• WordNet 3.6
    • v contend maintain or assert "He contended that Communism had no future"
    • v contend have an argument about something
    • v contend to make the subject of dispute, contention, or litigation "They contested the outcome of the race"
    • v contend compete for something; engage in a contest; measure oneself against others
    • v contend be engaged in a fight; carry on a fight "the tribesmen fought each other","Siblings are always fighting","Militant groups are contending for control of the country"
    • v contend come to terms with "We got by on just a gallon of gas","They made do on half a loaf of bread every day"
    • ***
Webster's Revised Unabridged Dictionary
  • Interesting fact: Medical researchers contend that no disease ever identified has been completely eradicated.
    • Contend To strive in debate; to engage in discussion; to dispute; to argue. "The question which our author would contend for.""Many things he fiercely contended about were trivial."
    • Contend To strive in opposition; to contest; to dispute; to vie; to quarrel; to fight. "For never two such kingdoms did contend Without much fall of blood.""The Lord said unto me, Distress not the Moabites, neither contend with them in battle.""In ambitious strength I did Contend against thy valor."
    • v. t Contend To struggle for; to contest. "Carthage shall contend the world with Rome.Dryden."
    • Contend To struggle or exert one's self to obtain or retain possession of, or to defend. "You sit above, and see vain men below Contend for what you only can bestow."
    • ***
Century Dictionary and Cyclopedia
    • contend To strive; struggle in opposition or emulation: used absolutely, or with against or with.
    • contend To endeavor; use earnest efforts, as for the purpose of obtaining, defending, preserving, etc.: usually with for before the object striven after.
    • contend To dispute earnestly; strive in debate; wrangle: as, the parties contend about trifles.
    • contend To dispute; contest.
    • contend To assert; affirm; maintain: as, I contend that the thing is impossible.
    • ***
Chambers's Twentieth Century Dictionary
    • v.i Contend kon-tend′ to strive: to struggle in emulation or in opposition: to dispute or debate (with against, for, with, about): to urge one's course
    • ***


  • Thomas Fuller
    “Never contend with one that is foolish, proud, positive, testy, or with a superior, or a clown, in matter of argument.”
  • Thomas Hobbes
    “War consisteth not in battle only, or the act of fighting; but in a tract of time, wherein the will to contend by battle is sufficiently known.”
  • Brian Tracy
    “Only by contending with challenges that seem to be beyond your strength to handle at the moment you can grow more surely toward the stars.”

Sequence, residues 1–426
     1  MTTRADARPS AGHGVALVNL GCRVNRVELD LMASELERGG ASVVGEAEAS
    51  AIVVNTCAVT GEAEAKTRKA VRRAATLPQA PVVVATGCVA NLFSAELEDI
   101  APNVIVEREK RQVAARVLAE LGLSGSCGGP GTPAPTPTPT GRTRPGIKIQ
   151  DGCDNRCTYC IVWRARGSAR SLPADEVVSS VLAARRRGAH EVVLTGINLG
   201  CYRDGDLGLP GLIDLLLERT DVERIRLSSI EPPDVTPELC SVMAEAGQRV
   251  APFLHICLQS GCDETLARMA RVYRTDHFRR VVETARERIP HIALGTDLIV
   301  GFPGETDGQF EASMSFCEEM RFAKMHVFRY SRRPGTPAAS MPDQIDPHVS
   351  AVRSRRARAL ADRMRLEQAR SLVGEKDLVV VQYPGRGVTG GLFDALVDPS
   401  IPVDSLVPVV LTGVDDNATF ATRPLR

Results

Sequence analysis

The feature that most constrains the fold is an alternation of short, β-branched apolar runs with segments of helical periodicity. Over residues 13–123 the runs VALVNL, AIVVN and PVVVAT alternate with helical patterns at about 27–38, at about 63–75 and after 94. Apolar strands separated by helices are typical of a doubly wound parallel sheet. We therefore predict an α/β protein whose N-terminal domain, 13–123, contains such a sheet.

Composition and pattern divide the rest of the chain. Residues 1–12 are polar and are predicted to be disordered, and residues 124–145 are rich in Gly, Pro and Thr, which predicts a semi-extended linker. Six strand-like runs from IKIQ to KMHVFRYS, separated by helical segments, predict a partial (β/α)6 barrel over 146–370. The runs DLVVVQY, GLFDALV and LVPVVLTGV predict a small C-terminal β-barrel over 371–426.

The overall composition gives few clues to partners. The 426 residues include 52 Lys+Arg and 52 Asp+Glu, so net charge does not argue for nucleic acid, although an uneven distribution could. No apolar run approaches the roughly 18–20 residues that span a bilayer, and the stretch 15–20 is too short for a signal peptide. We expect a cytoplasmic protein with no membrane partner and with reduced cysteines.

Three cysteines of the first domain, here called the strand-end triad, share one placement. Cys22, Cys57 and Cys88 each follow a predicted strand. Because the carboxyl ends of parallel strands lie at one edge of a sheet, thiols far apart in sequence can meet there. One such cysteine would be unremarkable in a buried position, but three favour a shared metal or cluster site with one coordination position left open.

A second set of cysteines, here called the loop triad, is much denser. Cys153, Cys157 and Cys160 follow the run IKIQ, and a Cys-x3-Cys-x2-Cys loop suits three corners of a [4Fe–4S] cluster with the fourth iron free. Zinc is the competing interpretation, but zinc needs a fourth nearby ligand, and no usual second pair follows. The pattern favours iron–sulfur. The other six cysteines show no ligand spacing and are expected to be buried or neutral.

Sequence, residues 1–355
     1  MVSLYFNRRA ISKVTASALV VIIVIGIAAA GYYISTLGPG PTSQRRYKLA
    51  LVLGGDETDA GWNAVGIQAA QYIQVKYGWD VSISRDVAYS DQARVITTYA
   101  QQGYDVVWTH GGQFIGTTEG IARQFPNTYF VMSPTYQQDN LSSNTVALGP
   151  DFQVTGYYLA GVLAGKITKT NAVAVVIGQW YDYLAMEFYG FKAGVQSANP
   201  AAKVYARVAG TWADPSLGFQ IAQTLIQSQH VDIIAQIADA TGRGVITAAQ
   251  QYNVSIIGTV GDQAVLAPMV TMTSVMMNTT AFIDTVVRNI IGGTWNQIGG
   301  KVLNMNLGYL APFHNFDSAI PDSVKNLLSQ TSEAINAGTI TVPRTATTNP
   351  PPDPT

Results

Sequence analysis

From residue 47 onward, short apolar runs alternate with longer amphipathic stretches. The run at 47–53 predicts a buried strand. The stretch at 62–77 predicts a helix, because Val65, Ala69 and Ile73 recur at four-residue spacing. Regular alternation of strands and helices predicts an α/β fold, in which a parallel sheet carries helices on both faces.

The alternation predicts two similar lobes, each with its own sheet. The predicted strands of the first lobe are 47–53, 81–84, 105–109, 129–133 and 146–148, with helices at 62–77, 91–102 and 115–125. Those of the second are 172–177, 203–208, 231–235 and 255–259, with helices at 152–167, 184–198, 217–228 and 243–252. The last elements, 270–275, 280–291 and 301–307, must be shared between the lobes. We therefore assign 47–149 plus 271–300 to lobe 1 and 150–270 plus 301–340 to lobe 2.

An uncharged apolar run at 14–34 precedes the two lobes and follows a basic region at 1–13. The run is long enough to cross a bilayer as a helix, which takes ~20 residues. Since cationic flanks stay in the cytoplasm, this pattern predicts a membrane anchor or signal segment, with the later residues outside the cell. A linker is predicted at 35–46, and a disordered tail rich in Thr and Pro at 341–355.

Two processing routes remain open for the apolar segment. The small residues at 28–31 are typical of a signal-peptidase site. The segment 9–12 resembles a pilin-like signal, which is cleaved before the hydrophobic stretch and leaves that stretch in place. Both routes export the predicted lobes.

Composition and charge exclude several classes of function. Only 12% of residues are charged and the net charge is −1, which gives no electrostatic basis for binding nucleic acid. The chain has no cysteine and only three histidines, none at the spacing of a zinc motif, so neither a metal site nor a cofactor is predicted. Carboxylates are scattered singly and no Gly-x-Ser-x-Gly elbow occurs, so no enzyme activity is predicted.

• Francis Bacon
    “Histories make men wise; poets, witty; the mathematics, subtle; natural philosophy, deep; moral, grave; logic and rhetoric, able to contend.”
  • Wallace Stevens
    “How has the human spirit ever survived the terrific literature with which it has had to contend?”
  • Baltasar Gracian
    “Never contend with a man who has nothing to lose.”


Webster's Revised Unabridged Dictionary
OF. contendre, L. contendere, -tentum,; con-, + tendere, to strech. See Tend
Chambers's Twentieth Century Dictionary
L. contendĕre, -tentumcon, with, tendĕre, to stretch.


In literature:

What sufficient cause, what need Have the Achaians to contend with Troy?
"The Iliad of Homer" by Homer
We do not contend that possession of such knowledge would by any means wholly remedy the evil.
"Essays on Education and Kindred Subjects" by Herbert Spencer
It will not be contended that we are assuming a position beyond the capacities of learners, that the course here adopted is too philosophic.
"Lectures on Language" by William S. Balch
It was not only with the aborigines of their new country that the Spanish settlers in Chile had to contend.
"South America" by W. H. Koebel
Mr. F. contended, in opposition to such laws, that a man had a perfect right to do what he pleased with his own things.
"Secret Band of Brothers" by Jonathan Harrington Green
They contended that ministers opposed it only to screen their notorious incapacity under the shelter of his great name.
"The Life of Admiral Viscount Exmouth" by Edward Osler
Let us enumerate the principal chiefs of the contending parties, and make them known before we bring them into action.
"History of the Girondists, Volume I" by Alphonse de Lamartine
He is torn by contending feelings.
"Tales from the Hindu Dramatists" by R. N. Dutta